Free Motion Baby Quilt
After making that GIANT Dresden Circle Quilt, I decided I’d better quilt it while I still had the frame and hadn’t lost the quilt top in the move. First I needed a plan for the large amount of negative space.
The quilt was just a practice “what if” kinda quilt, but then it turned into being a pretty neat design for a little nephew, due this fall. He doesn’t have a first name yet, so I went ahead and quilted in his last name. It is Weaver, as you can see, and unlike a niece quilt with a last name- this quilt WEAVER will always be his last name. Well, unless he gets super famous as a hip-hop mogul and changes his name entirely to just be one word, like RACE or something like that. hahahahah. (Hum, now that I think of it… I hope my SIL doesn’t see this post. It will kinda ruin the surprise. I’m willing to risk it for ya, though.)
First up, in my “what if I tried this” quilt is trapunto lettering. I have wanted to try this ever since I saw Angela Walters Quilting on THE Parisville quilt at the Houston Quilt Market a couple years ago. I found a fat-chubby font on the computer (Ravie) and printed off large letters. I used the water soluble thread and proceeded to stitch in two layers of 80/20 batting. Then I cut away the excess batting.
Next I needed to try to get my quilting idea to fit in my small sewing machine throat, on the Hinterberg frame. In the sketch above (1st pic) I have a bit more elaborate design. But I opted to go with just swirls, lines and pebbles to fill. So far so good.
The letters follow the arc of the circle’s edge, so I needed to figure out a way for the swirl/line fill to crash right on into the puffy letters. I ended up putting pebbles around all the letters so they’d stand out a bit more.
Lots of rolling the quilt on the stretcher bars to get to all the places around the letters.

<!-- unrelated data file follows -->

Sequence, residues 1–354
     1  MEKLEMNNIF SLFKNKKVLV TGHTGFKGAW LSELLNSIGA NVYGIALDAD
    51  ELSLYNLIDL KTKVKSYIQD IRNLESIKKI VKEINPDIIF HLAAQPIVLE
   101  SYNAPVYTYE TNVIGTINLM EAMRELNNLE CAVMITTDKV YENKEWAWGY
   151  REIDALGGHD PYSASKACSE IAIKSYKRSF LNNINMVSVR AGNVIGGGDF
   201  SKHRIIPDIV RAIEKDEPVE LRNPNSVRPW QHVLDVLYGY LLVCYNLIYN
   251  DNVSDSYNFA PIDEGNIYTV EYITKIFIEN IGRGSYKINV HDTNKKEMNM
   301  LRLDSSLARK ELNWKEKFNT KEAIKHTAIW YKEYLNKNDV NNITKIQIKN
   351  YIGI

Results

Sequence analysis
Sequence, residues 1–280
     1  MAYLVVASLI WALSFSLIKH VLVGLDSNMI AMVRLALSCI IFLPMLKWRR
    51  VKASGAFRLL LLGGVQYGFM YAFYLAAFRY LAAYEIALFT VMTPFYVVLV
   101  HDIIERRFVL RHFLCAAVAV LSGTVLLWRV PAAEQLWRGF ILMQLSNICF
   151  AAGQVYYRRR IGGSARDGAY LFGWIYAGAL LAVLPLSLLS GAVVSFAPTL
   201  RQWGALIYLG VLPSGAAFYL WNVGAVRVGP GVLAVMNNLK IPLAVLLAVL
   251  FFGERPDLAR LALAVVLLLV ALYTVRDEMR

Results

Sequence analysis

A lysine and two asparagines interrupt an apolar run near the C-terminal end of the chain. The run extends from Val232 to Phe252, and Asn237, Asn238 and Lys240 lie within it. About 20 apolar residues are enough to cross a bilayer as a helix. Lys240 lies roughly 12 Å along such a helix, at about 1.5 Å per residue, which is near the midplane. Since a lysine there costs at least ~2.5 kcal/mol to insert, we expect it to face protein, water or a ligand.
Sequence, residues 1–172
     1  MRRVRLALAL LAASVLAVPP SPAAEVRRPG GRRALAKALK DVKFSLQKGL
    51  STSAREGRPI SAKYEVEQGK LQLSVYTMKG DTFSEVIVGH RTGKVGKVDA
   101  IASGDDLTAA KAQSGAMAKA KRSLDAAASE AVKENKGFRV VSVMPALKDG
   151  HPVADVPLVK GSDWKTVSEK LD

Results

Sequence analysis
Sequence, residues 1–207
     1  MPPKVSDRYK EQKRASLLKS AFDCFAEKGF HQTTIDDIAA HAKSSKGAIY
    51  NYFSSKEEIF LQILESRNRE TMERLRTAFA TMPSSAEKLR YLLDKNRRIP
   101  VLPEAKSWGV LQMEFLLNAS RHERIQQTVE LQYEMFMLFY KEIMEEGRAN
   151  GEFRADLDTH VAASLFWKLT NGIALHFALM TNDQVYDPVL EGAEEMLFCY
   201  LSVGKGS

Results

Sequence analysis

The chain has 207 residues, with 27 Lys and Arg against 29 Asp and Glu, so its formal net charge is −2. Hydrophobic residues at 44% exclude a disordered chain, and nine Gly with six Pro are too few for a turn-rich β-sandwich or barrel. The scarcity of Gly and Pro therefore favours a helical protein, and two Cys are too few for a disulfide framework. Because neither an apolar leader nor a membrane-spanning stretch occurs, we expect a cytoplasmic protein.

As it turns out (AGAIN) I narrowly made the quilt with enough grey thread. Son of a Biscuit!!! Wait what?? Thankfully, I had decided in the middle that the Dresden shape would be quilted in Orange thread. Looks like I’m just not too good at estimating how much thread will be needed on a quilt top.
The above pic shows how the linear fill bumps into the trapunto letters. Next time I might use a few ruler markings as a guide, instead of winging the whole thing.
You can enlarge the pictures to see the quilting a bit better. Unfortunately (and OH LORD- FORTUNATELY) you cannot see the quilting in the circle too well. It is some very rough-looking McTavishing. I have quilt back pictures for you, where you can see that design much closer.
That is what it really looks like, but here it is with an artsy filter on the image to really show you the back.
Next up I need to bind this little quilt and get it in the washer. A commenter on Flickr mentioned that once that quilt has that washed “shrinkle” you won’t even notice any puckers or missteps in the quilting. (With 80/20 batting) My next thought, obviously, is “How many times am I going to need to wash this baby?!!”? HAHAHAHA. As it turns out, even though I quilted all the background/negative space grey first, I should have also stitched in a ditch or two to stabilize the circle shape. Live and learn people. =)